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Kerala 'Love Jihad' Case: Husband Files Plea, Urges SC to Call Off NIA Probe

The plea by Shafeen Jahan urges the top court to recall its order and alleges that the National Investigation Agency isn’t being “fair” in its probe.

Utkarsh Anand | CNN-News18

Updated:September 16, 2017, 1:57 PM IST
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Kerala 'Love Jihad' Case: Husband Files Plea, Urges SC to Call Off NIA Probe
Image for representation only. (Photo: Reuters)
New Delhi: The husband of a Kerala woman whose conversion to Islam became the subject of an NIA investigation following a Supreme Court order has filed a plea in the top court against the probe.

The plea by Shafeen Jahan urges the top court to recall its order and alleges that the National Investigation Agency isn’t being “fair” in its probe.

The plea further contends that Hadiya, known as Akhila before the conversion, can’t be confined to her parental home without consent and that she should be brought to the court.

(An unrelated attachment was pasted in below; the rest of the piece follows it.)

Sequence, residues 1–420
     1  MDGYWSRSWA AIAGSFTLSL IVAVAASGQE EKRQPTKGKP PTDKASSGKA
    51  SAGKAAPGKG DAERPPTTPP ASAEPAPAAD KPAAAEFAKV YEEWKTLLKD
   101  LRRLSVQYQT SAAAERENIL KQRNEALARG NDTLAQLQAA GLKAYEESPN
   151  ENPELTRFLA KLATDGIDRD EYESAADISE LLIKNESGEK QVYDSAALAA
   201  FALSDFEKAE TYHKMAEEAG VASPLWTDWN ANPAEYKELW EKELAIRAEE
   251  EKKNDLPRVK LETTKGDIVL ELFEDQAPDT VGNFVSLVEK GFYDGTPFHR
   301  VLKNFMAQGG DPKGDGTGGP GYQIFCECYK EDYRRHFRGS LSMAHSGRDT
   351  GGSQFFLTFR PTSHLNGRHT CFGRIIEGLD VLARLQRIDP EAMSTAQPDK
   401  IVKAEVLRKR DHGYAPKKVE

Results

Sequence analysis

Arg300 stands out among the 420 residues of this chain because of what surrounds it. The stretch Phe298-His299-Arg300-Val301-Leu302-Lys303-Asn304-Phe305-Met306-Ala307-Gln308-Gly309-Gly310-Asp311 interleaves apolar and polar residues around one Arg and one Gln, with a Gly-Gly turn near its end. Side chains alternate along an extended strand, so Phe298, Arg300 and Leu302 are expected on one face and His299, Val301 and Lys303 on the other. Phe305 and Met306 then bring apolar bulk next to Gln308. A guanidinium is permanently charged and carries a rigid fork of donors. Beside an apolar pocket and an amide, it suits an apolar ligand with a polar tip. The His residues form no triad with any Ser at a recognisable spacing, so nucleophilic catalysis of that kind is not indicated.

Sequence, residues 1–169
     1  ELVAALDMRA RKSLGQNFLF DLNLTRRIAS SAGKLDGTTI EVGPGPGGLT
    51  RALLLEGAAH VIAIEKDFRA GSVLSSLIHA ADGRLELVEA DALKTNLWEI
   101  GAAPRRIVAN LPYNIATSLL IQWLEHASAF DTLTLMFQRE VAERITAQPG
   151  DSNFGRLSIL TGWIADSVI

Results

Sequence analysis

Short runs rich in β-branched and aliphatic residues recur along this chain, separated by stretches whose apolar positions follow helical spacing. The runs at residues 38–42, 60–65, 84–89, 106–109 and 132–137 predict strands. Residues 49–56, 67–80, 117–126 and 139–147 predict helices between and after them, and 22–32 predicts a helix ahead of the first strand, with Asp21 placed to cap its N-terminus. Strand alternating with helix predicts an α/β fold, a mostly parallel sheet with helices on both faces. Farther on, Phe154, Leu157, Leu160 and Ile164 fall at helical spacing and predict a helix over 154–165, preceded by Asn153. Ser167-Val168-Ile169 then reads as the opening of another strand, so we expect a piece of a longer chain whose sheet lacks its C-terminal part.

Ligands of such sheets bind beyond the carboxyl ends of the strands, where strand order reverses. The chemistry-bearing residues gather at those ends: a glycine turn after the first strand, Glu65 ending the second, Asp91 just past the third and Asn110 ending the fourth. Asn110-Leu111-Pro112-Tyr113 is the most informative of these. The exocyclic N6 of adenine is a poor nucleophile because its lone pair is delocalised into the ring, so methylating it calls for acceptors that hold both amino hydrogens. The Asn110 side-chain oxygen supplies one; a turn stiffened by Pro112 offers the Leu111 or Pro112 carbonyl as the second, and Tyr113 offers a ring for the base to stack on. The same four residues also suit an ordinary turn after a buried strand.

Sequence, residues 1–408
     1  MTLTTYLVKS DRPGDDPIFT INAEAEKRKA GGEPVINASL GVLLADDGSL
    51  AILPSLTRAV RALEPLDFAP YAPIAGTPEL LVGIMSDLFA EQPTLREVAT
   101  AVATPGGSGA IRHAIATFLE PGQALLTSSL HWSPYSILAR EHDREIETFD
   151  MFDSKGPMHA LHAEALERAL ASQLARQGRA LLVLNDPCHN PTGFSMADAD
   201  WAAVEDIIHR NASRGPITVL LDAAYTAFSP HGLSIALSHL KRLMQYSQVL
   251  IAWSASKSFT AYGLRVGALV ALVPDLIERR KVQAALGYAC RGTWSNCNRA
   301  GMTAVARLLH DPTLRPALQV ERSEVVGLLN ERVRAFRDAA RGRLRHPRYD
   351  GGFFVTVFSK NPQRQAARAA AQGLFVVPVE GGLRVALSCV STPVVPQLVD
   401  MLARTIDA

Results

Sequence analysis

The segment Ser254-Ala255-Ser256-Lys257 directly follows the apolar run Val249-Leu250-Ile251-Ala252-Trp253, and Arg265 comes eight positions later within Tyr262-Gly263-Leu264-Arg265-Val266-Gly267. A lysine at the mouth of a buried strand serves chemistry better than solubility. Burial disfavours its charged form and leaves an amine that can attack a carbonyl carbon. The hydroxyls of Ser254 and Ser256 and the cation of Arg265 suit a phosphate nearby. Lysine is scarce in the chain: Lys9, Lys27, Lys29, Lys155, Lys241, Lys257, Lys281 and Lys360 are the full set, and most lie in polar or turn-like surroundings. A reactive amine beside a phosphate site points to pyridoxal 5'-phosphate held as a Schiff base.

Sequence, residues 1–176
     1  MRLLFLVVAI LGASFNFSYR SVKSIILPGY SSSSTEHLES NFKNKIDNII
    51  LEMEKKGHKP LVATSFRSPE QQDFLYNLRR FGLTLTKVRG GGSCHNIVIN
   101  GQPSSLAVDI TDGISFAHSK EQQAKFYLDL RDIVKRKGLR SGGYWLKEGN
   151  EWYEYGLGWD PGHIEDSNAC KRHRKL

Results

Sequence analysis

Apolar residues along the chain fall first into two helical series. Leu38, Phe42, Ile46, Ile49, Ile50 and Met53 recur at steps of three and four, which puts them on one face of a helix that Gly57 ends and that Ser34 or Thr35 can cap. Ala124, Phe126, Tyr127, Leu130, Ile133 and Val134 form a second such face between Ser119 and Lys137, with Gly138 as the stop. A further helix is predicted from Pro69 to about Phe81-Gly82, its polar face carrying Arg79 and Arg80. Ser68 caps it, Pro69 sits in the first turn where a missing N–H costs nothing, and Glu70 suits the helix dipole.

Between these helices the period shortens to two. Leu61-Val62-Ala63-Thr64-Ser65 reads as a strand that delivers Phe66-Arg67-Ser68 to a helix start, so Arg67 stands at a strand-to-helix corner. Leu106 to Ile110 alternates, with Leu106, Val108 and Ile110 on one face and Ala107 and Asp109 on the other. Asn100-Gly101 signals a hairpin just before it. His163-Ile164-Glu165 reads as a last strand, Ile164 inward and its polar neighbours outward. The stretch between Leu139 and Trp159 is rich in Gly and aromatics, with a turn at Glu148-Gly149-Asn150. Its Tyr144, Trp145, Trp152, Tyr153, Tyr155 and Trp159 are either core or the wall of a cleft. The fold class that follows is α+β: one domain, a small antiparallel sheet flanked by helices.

The Supreme Court is likely to hear Jahan’s plea on September 22.

The top court had ordered the NIA to investigate the matter last month.

The case was earlier being investigated by the Kerala Police under Section 57 of Kerala Police Act, and dealt with charges of promoting enmity between different groups on grounds of religion.

The case had gained prominence when the Kerala High Court, on May 25, had declared as "null and void" the marriage of 24-year-old Hadiya with Shafeen Jahan in December 2016 and ordered for placing her in her parents' protective custody.

Jahan, 27, had moved the top court against the High Court order, contending the ruling was an "insult to the independence of women in India".

Jahan claimed Hadiya, a homeopathy student in Kerala, converted to Islam of her own volition two years prior to their marriage and sought direction to Hadiya's father to present her in court.

Hadiya's father, however, said she was a "helpless victim" and trapped by a "well-oiled racket" which used "psychological measures" to indoctrinate people and convert them to Islam.

The father had claimed his daughter had been radicalised by some organisations and they had influenced her to marry a Muslim man, adding that there could be a conspiracy to send her to Syria to work for extremist organisations such as the Islamic State since the man she married had been working in the Gulf.
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